Consumers were happier with their online shopping experience at Apple's site this holiday season than at any other computer or electronics maker, a customer satisfaction measurement company said today.
Apple's satisfaction score climbed 5% in November and December 2009 compared to the same months last year, said Larry Freed, president of Michigan-based ForeSee Results. The company's score of 82 was four points higher than in 2008, and three points higher than in 2007.
ForeSee measures customer satisfaction using a survey of more than 10,000 visitors to the top 40 retail sites as ranked by annual sales revenue. This is the fifth year that the company has published its satisfaction findings.
"Apple wins on merchandise," said Freed, explaining the company's high ranking. "Not on price. But they're also very, very strong in site experience," he added, noting that Apple's e-store has had a consistent look over the years, something consumers appreciate.
"Apple has had some struggles the last two years," said Freed. "Not that the site got worse, but Apple's customer base expanded with the iPhone, and broadened beyond Mac computers. Apple's site is a different experience -- it has a 'Safari' look if you will -- and it takes time to get used to."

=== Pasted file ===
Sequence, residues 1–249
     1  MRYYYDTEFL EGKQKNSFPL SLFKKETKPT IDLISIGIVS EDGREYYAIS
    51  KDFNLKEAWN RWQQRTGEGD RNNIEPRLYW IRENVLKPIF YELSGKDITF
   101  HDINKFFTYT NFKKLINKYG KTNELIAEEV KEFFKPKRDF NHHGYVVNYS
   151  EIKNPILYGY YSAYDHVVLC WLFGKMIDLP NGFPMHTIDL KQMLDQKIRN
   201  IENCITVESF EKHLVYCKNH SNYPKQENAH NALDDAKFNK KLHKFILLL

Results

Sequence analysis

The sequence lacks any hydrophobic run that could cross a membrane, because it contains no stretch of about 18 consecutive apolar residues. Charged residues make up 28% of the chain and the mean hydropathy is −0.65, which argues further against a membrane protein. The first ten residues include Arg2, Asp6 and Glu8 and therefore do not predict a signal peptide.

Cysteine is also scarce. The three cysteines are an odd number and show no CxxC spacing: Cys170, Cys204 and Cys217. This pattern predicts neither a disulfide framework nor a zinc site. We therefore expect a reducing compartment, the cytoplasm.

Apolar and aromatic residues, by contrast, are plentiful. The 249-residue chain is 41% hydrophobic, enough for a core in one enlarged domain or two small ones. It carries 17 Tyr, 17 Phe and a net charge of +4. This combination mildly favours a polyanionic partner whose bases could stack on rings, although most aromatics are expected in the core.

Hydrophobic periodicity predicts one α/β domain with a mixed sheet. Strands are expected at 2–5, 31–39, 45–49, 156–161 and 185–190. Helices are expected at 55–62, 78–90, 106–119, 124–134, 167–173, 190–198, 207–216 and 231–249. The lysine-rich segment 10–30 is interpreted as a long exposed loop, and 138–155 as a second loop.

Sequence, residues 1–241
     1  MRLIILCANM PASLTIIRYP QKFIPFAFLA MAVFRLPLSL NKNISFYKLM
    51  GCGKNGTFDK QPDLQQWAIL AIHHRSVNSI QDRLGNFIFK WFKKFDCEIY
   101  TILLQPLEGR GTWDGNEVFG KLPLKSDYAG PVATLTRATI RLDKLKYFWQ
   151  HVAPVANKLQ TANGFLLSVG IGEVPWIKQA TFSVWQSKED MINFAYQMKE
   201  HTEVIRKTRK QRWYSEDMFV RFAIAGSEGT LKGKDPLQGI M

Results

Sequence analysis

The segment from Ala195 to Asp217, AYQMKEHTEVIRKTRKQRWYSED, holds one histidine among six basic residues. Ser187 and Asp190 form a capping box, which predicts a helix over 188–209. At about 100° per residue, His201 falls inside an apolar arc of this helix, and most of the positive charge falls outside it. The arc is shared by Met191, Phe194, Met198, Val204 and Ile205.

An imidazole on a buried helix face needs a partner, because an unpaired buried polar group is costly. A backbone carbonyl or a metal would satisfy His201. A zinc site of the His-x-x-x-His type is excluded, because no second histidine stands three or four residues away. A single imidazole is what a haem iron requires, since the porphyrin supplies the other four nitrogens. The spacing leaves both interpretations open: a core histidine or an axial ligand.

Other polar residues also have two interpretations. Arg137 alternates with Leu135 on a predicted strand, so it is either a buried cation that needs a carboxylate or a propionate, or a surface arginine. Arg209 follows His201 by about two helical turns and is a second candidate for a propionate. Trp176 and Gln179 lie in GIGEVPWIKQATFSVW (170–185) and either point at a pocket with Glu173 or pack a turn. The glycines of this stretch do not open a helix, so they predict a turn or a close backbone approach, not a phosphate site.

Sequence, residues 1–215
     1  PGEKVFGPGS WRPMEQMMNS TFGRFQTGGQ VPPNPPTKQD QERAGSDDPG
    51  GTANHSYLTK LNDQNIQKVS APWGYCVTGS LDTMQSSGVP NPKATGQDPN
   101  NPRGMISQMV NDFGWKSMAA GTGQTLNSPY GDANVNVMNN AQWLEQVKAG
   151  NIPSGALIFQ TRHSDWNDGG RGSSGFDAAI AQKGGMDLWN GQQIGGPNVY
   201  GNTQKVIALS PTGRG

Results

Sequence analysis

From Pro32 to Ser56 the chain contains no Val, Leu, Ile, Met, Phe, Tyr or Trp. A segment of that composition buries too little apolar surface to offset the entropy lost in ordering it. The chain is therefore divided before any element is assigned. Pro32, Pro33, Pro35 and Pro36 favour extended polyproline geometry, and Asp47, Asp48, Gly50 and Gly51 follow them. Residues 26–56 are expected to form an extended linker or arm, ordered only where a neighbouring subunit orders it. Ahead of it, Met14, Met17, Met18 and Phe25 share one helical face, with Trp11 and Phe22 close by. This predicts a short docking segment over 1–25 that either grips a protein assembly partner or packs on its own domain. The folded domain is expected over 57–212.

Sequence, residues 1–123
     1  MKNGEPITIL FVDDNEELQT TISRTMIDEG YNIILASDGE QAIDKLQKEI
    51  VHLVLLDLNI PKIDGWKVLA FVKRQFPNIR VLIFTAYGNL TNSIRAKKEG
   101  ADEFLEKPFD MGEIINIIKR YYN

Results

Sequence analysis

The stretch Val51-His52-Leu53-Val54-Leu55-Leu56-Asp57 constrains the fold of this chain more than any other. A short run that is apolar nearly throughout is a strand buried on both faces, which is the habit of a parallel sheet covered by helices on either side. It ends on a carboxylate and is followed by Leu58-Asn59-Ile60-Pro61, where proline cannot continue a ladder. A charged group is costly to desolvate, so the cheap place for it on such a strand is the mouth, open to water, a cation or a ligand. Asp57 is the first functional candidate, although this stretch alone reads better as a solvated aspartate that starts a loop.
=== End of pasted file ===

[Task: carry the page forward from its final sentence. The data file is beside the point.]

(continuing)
All other computer and electronics sites in the top 40 lagged behind Apple, as they have historically, said Freed. Newegg.com and TigerDirect.com, for example, posted scores of 81 and 80, respectively, but more direct rivals Dell and Hewlett-Packard earned lower scores of 79 and 78. Circuit City's Web site came in dead last in the category, at 73.
"Dell did take a jump," Freed noted, pointing to the five-point increase this year over 2008's 74. HP's site satisfaction score rose only two points from last year's 76.
But even Apple's satisfaction score couldn't match that of the season's leader, Amazon, which garnered a record 87 in ForeSee's survey. "Amazon set the standard for e-commerce, and their satisfaction scores have been very, very good year after year," said Freed. "Amazon leads the pack in just about every category we measure."
Other e-tailers ahead of Apple in the satisfaction rankings race were Netflix, with a score of 86, and QVC.com, with 83.
The gains by Amazon, Apple and other major retailers during 2009 came at the expense of mid- and small-sized retailers, who were simply not able to keep up during the recession, Freed argued. "In this economic environment, it's a lot tougher for a mid-sized or small retailer to compete not only on price, but also on things like free shipping, customer support and overall site design," he said. "So the big are getting better."
ForeSee Results owns the technology developed by the University of Michigan's American Customer Satisfaction Index (ACSI), a noted annual customer satisfaction project, and uses the ACSI methodology to calculate its scores.
Last August, ACSI reported Apple's customer satisfaction score stood at 84, down a point from 2008, but nine points higher than its nearest competitor, Dell, and 10 points higher than Hewlett-Packard.
ForeSee's report can be downloaded from its Web site by submitting name, company, phone number and e-mail address.
Gregg Keizer covers Microsoft, security issues, Apple, Web browsers and general technology breaking news for Computerworld. Follow Gregg on Twitter @gkeizer, send e-mail at firstname.lastname@example.org or subscribe to Gregg's RSS feed .